Mann’s graph has been vindicated by another 20 years of research, but you wouldn’t know that because the blogs you use as your sources are about politics not science.

        “. . there are still those who can distinguish excrement from shoe polish and will say which is which in public.”

        That’s the sort of self-righteous bluster I come across when I come across the opinions of Flat Earthers and other conspiracy theory nutters, all noise no substance.

        1. It’s easy to win the argument when your side controls the definitions, such as of “coherent” science — until the other side challenges those definitions with, you know, observable facts.

          1. The only “sides” are people who stick to the science and the people who think science should be determined by their political preferences, the latter is divided into various subgroups.

        2. I’m sure the 20 years of research validated Mann’s “science”, but the measured data certainly didn’t. Remember the decline they had to hide, along with the pause that went on for so long that students were driving to college in temperatures that were cooler than when they were born?

          How is it that the past keeps cooling with almost each new data set release? Climate scientists even boldly describe their algorithms for automatically cooling past temperature records, and other climate scientists don’t call them on such obvious nonsense for being in gross violation of the laws of physics, since present events can’t possibly affect the past. A large asteroid could shatter the Earth into small pieces and it would have absolutely no effect on the temperature in Kansas in 1933, but the need to maintain government funding apparently does, blissfully changing it by more than the temperature rise they’re insisting will kill us all.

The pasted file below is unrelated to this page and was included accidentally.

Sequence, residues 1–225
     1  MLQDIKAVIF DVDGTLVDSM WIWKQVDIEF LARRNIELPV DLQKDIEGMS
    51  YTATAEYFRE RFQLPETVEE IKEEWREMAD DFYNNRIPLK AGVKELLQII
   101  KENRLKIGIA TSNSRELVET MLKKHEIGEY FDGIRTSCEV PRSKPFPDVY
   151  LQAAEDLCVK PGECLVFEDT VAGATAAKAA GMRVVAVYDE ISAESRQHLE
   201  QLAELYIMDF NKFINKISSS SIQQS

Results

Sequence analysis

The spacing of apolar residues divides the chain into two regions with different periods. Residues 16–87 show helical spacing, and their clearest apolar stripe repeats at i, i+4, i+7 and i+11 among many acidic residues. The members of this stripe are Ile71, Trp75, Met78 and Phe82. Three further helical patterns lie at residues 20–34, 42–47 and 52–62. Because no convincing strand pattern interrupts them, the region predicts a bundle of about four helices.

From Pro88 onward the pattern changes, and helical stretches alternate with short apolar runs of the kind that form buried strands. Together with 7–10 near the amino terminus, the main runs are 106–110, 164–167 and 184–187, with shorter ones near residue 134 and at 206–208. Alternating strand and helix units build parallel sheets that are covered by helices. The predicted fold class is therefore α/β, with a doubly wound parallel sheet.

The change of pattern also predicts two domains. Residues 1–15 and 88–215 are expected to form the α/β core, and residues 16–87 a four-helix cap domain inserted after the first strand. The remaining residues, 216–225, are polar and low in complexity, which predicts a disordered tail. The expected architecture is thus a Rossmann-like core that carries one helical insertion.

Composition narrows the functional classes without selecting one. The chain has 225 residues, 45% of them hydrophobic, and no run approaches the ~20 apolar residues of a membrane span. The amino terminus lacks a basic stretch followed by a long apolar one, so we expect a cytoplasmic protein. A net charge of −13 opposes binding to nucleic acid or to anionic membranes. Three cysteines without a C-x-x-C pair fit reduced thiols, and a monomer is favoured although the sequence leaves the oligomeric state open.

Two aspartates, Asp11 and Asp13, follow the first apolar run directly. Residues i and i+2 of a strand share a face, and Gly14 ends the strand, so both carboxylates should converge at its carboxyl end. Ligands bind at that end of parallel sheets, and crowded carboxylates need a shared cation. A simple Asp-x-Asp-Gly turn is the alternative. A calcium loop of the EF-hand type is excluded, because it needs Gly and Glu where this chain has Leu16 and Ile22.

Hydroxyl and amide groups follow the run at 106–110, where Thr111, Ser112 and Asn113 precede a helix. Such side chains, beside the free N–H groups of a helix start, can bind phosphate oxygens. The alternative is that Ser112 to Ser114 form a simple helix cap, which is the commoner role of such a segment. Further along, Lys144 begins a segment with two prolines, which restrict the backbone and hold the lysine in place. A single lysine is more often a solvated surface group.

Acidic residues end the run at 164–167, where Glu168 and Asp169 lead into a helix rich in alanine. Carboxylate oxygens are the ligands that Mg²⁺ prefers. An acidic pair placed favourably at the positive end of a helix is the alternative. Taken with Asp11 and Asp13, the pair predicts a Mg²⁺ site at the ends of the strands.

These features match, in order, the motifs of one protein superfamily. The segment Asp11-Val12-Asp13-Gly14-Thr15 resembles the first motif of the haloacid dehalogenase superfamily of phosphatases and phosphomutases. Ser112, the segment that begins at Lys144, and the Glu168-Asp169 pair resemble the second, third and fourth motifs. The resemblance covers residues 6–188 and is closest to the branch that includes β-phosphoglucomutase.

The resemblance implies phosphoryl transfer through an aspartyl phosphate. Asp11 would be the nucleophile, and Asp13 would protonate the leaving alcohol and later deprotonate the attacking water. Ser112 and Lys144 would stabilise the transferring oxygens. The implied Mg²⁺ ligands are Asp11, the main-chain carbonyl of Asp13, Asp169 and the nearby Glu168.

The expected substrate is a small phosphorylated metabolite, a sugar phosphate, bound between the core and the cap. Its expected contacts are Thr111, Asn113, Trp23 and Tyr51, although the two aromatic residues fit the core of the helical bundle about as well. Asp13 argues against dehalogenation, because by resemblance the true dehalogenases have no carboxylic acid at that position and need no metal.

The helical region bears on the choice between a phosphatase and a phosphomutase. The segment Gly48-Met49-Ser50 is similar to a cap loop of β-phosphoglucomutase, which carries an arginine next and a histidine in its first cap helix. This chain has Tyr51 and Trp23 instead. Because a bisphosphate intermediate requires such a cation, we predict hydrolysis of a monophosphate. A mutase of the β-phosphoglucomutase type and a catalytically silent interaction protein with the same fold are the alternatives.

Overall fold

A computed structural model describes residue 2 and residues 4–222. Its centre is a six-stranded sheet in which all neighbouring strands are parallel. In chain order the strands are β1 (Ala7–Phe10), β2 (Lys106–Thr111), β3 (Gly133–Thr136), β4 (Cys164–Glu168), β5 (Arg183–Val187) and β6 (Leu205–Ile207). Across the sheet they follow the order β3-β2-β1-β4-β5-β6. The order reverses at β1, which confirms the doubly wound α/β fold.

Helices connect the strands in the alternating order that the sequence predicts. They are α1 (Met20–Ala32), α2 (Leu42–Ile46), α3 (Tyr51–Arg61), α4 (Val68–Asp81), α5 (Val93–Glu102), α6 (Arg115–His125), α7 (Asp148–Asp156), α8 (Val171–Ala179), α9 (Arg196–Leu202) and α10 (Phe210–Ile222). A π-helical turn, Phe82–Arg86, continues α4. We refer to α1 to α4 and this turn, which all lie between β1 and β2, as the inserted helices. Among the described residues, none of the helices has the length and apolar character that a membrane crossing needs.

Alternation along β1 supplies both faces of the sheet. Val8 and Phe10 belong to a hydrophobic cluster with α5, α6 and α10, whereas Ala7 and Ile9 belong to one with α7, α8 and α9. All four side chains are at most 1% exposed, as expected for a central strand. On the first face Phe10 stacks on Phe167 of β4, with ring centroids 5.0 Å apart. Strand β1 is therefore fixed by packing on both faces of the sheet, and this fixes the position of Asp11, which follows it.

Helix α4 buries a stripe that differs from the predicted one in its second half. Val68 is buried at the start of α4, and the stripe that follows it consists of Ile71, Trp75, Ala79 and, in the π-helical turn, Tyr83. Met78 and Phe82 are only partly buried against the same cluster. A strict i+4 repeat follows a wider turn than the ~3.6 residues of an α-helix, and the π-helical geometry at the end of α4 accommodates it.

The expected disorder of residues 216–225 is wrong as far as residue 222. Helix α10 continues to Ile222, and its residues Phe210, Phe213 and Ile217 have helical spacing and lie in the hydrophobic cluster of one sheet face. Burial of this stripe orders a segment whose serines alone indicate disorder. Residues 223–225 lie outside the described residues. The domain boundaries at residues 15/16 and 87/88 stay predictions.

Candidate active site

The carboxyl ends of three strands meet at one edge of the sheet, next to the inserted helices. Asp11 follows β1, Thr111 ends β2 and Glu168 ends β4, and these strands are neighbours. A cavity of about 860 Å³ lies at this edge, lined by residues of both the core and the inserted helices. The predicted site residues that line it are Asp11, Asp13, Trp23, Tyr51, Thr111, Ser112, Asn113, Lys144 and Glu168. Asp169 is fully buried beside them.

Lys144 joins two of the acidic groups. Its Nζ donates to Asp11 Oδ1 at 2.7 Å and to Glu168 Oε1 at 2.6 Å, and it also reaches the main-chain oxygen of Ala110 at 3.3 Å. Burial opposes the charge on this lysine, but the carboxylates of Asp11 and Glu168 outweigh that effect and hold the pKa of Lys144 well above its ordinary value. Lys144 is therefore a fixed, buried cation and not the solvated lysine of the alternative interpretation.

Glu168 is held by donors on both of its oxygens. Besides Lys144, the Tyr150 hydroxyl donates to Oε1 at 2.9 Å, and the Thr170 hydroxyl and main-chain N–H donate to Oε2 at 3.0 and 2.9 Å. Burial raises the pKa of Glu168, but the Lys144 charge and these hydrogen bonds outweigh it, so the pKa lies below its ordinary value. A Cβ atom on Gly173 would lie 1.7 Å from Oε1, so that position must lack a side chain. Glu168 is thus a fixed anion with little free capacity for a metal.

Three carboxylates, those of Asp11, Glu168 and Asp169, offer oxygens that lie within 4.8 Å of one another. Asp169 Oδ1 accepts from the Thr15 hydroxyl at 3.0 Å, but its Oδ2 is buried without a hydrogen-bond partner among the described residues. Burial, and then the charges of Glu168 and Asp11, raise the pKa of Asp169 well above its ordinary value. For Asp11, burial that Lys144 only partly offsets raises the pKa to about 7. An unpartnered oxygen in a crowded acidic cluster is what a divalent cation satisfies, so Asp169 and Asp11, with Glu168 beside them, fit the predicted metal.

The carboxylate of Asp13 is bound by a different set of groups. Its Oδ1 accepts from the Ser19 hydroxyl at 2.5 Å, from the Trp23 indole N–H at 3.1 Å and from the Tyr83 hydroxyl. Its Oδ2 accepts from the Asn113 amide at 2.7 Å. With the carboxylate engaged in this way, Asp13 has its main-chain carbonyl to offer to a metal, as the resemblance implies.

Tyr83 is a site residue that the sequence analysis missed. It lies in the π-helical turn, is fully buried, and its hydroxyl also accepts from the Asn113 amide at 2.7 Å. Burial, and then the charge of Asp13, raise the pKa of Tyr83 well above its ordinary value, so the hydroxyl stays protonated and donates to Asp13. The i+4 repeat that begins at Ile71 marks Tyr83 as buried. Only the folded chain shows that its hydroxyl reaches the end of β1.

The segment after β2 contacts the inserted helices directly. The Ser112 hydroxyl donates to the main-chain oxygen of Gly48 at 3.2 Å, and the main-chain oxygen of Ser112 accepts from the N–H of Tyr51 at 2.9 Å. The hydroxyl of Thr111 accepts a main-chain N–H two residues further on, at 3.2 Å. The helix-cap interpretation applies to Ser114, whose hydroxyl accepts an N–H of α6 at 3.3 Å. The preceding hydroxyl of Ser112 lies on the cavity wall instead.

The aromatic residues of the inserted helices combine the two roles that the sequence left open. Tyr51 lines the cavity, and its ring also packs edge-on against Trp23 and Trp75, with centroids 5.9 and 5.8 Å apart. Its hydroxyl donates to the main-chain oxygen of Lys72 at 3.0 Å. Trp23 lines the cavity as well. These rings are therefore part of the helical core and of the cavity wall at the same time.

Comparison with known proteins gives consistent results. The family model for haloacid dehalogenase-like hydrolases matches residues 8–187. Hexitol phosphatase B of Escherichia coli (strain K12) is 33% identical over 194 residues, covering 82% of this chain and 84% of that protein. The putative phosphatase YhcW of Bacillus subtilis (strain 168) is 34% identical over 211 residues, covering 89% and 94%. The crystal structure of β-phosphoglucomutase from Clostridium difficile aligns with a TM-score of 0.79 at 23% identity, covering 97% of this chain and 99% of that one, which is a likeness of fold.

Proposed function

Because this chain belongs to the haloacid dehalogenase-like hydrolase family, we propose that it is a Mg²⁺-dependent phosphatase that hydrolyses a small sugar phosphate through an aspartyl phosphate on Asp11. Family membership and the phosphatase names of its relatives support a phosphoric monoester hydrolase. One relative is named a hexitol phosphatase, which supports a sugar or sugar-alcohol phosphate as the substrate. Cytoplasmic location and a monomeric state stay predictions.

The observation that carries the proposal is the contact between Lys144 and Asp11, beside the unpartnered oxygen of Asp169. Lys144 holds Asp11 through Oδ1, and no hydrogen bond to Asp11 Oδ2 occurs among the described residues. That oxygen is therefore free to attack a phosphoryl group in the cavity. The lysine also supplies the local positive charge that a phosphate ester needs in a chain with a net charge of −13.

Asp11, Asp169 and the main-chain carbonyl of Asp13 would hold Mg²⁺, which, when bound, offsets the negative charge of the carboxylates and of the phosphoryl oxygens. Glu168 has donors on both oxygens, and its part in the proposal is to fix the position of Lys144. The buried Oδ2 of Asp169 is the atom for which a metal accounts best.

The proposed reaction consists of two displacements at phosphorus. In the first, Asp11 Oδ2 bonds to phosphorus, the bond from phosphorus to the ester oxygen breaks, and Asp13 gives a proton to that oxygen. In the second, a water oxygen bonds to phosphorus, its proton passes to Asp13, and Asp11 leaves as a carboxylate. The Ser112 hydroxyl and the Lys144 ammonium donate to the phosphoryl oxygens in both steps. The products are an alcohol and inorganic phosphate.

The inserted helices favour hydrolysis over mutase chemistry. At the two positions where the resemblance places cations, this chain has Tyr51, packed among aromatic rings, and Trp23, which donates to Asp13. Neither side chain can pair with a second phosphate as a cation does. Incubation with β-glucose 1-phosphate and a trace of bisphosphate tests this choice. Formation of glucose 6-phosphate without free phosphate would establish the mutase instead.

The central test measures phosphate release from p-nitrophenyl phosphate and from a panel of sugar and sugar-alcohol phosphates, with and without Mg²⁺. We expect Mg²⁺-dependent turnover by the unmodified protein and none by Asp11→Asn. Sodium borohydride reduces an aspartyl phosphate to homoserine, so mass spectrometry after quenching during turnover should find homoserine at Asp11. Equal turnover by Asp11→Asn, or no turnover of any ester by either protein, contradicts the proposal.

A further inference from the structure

Truth isn’t necessarily the goal of science, but truth is its singular instrument, and climate science threw it right out the window because it was inconvenient to the narrative. They have been airbrushing history in ways that would make Stalin blush. Any field that would do that has absolutely no connection to real science, no matter how spotless their lab coats are.

          1. “I’m sure the 20 years of research validated Mann’s “science”, but the measured data certainly didn’t. ”

            It does, using many proxies.